post #13 of 23
What Rusty said about long and short leg... Play with finding your edge angles by actively shortening your inside leg...
post #14 of 23
Everything The Rusty said, especially about pole touching. I'd add what one of my favorite trainers here at Breck says: You get out of the skis what you put into them. I interpret this to mean the more energetic you are, the more the skis will perform for you. You can make smooth and subtle movements but they must be active. I'd try opening and closing my ankles more actively than I see in your current video. Go ski some gentle terrain and focus on ankle movement.
post #15 of 23
Quote:
Originally Posted by clink83 View Post

Upper body management. You don't pole plant well with your left hand, which messed up your turns. I have the same problem.
It looks like you aren't flexing your boots very much either, but I'm not 100% on that. It could be from skiing with your feet together too.

Please forgive me for picking on your reply. Nothing personal, but I want to illustrate something here...

 

Left hand pole plant. Obviously it is asymmetrical.  Is it the cause of the problem, or the symptom of something else?  I don't think the left hand is the issue, but is the result of something being off in the timing of the sequence of movements. Notice the "stutter" in at least one turn?  Rusty isolated on image and mentioned too much weight on the inside ski. DC tends to incline differently turning to the left than to the right where he seems to stack better. The errant hand is an anomaly caused by other things. 

 

Boot flexing: I find that when I flex my boots it is not by my own effort to flex them, but in response to the build-up of pressure as the skis act dynamically. Again, a result of another action (usually pressure build-up) , not so much the causality of the pressure itself.  The turns themselves could be more dynamic and I believe the boot flex would increase as a result. 

 

My point is that as those that coach others it is important to look for the action behind the action. 

post #16 of 23
Thread Starter 
Quote:
Originally Posted by vindibona1 View Post


Left hand pole plant. Obviously it is asymmetrical.  Is it the cause of the problem, or the symptom of something else?  I don't think the left hand is the issue, but is the result of something being off in the timing of the sequence of movements. Notice the "stutter" in at least one turn?  Rusty isolated on image and mentioned too much weight on the inside ski. DC tends to incline differently turning to the left than to the right where he seems to stack better. The errant hand is an anomaly caused by other things.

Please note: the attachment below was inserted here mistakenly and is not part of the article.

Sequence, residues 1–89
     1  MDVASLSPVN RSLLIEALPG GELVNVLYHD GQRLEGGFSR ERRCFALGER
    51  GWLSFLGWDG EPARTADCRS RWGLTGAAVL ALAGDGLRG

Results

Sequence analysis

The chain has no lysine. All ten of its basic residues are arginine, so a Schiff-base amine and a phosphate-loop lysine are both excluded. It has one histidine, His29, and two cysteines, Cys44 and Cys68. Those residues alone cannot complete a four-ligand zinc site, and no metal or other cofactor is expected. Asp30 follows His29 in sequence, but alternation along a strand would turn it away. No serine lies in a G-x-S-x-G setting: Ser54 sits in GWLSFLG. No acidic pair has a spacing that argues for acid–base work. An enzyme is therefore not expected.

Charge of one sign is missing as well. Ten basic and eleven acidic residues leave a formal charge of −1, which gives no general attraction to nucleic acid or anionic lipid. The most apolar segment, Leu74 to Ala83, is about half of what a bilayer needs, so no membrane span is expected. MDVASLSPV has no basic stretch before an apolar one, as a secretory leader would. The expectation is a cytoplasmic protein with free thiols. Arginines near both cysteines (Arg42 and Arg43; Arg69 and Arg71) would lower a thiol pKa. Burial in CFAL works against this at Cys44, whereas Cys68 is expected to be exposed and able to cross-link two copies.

My point is that as those that coach others it is important to look for the action behind the action. 
Thanks for the thoughts.

FYI that particular run facing down hill drops off to skiers right as you travel down which may be part of the asymetry.

Not an excuse as I need to be more precise with my movements. that I am keenly aware of and continue to work on.

It's all part of the journey. Funny how what we feel is totally different than what the video shows. It felt a lot faster.. It felt a lot rougher and out of control than it looked. It felt a lot more symetrical except for the slightly different angles due to the fall away slope.
post #17 of 23
Quote:
Originally Posted by dchan View Post



FYI that particular run facing down hill drops off to skiers right as you travel down which may be part of the asymetry.

Not an excuse as I need to be more precise with my movements. that I am keenly aware of and continue to work on.

Secondary fall lines are in deed issues that will cause asymmetry.  Perhaps it wasn't the best section of slope to demonstrate on. 

post #18 of 23
Thread Starter 
Quote:
Originally Posted by vindibona1 View Post

Secondary fall lines are in deed issues that will cause asymmetryyup.. Understood.  Perhaps it wasn't the best section of slope to demonstrate on. 

True that.. If they were meant to be demo turns I would have looked for a better location.

I was just out with a friend cruising around getting miles and she asked me if I could video her. I agreed and knowing I didn't have any recent video of my self (i'm always behind the camera) other than a very short clip from my L3 exam it might be fun to get a clip of myself. No task. Just trying to maintain good turn mechanics in the spring crud.

Thanks again.
post #19 of 23

More dynamic?...why do you want to work harder?

 

Look at your stance width at :01 second.  Perfect.  Feet directly under your hip sockets.